When Ebrahim Raisi was appointed as the regime’s president last month, policymakers and human rights experts throughout the world began raising alarms over the future of Iran’s human rights record. While that record has always been abysmal, Raisi’s so-called election represents the regime’s endorsement of one of the worst single incidents in its 42-year history of abuses.
In 1988, the founder and first supreme leader of the regime, Ruhollah Khomeini, issued a religious edict declaring that the members and supporters of the main opposition organization, the People’s Mojahedin Organization of Iran (PMOI/MEK) are considered as “enemy of God,” and punishable by death. As a result, political prisoners throughout the country were subjected to fleeting trials and given capital sentences when they refused to denounce the MEK.
The new sentences were issued by specially designated tribunals comprised of a religious judge, a judiciary official, and a representative of the Intelligence Ministry. As they set about interrogating political prisoners over their views and affiliations, these bodies came to be known as “death commissions,” and in the space of about three months, they became responsible for over 30,000 deaths. At the time, Ebrahim Raisi was the deputy public prosecutor in Tehran, and as such he became one of the key figures in the death commission responsible for Evin Prison, home to the largest share of Iran’s political prisoners.
Although it has been more than three decades, the 1988 massacre has not faded from memory, and neither has public awareness of Raisi’s culpability. When his presidential candidacy was announced, many of the massacre’s survivors and many victims’ families responded by staging public protests that decried him as the “henchman of 1988.” Other protests highlighted his more recent contributions to human rights abuses, including those made during his time as the nation’s top law enforcement official.
In March 2019, Raisi took over the judiciary on orders from the regime’s Supreme Leader Ali Khamenei. The effects of his leadership were gradually revealed in the form of expanded applications of the death penalty, which further reinforced Iran’s longstanding reputation as the country with the highest per-capita rate of annual executions. Targets of the death penalty under Raisi’s leadership include political prisoners, including Navid Afkari, who had become the object of a global campaign for clemency after it became clear that he was tortured during his detention and accused of a murder he could not have committed, all because he took part in large scale protests in 2018.
The initial uprising and the subsequent year-long period of loosely connected local protests seem to have helped motivate Khamenei to appoint Raisi as judiciary chief. There is little question that that appointment was made not in spite of Raisi’s record as the “henchman of 1988” but precisely because of it. It coheres with a long pattern of regime authorities being rewarded for their defense of crimes against humanity which aim to stamp out organized dissent in Iran. Although individual arrests and executions served to partially confirm Raisi’s ongoing commitment to that strategy as judiciary chief, the real test of his conviction came during and after November 2019, when the country was rocked by another nationwide uprising, this one much larger than its predecessor.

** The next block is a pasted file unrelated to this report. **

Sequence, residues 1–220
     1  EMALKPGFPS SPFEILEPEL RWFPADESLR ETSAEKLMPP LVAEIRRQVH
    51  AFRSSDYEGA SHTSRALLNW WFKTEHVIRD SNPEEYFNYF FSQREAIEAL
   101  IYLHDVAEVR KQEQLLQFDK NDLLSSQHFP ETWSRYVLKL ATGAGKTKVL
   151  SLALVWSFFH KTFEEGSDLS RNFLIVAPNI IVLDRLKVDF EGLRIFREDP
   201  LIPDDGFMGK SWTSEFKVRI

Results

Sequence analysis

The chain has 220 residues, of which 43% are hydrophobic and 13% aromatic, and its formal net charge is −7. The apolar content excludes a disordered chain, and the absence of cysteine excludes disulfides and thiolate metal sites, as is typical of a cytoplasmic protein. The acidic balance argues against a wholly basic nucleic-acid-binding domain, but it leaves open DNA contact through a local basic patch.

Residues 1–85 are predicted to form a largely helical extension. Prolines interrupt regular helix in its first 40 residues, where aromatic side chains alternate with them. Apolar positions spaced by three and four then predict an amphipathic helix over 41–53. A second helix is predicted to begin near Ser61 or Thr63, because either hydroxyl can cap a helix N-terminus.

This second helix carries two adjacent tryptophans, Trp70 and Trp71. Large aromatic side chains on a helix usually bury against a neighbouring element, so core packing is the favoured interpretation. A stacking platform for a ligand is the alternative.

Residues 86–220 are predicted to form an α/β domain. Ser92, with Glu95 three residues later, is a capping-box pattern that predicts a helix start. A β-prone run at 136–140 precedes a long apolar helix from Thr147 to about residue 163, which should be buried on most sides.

Within days of the start of that uprising, Iranian authorities had opened fire on numerous crowds of protesters, killing over 1,500 people. For months thereafter, the judiciary subjected as many as 12,000 political detainees to torture as part of an effort to elicit forced confessions and justify prosecution on national security charges, which could carry the death penalty.
Amnesty International detailed much of that torture in a 2020 report titled “Trampling Humanity.” And when Raisi was selected president the next year, the human rights advocacy organization pointed to his record as judiciary chief and to the legacy of 1988 and said, “That Ebrahim Raisi has risen to the presidency instead of being investigated for the crimes against humanity of murder, enforced disappearance and torture, is a grim reminder that impunity reigns supreme in Iran.”
Unfortunately, that impunity has been reinforced over the years by feckless Western policies for dealing with the world’s foremost executioner and leading state sponsor of terrorism. Many experts and policymakers have recognized this fact and have traced a pattern of inaction all the way back to the 1988 massacre.
Last year, seven United Nations human rights experts wrote a letter to Iranian authorities in which they acknowledged that the international body was made aware of the killings while they were still going on, yet failed to take any action apart from condemning them in the context of a contemporary resolution on the regime’s human rights record. That failure, the experts wrote, “had a devastating impact on the survivors and families as well as on the general situation of human rights in Iran and emboldened Iran to… maintain a strategy of deflection and denial that continue to date.”
In December 2020, that letter was published for an international audience after it became clear that no response from Iranian authorities was forthcoming. It was evident from the text that this was the expected outcome, as it explicitly stated that the international community would have to take up the issue if Tehran persisted in its refusal to hold its own officials accountable.
There can hardly be a clearer sign of the regime’s rejection of that accountability than its decision to not only promote Ebrahim Raisi as a presidential candidate but also to pull him out of the ballot box. Now, it is time for the international community to hold the regime accountable for its crimes against humanity.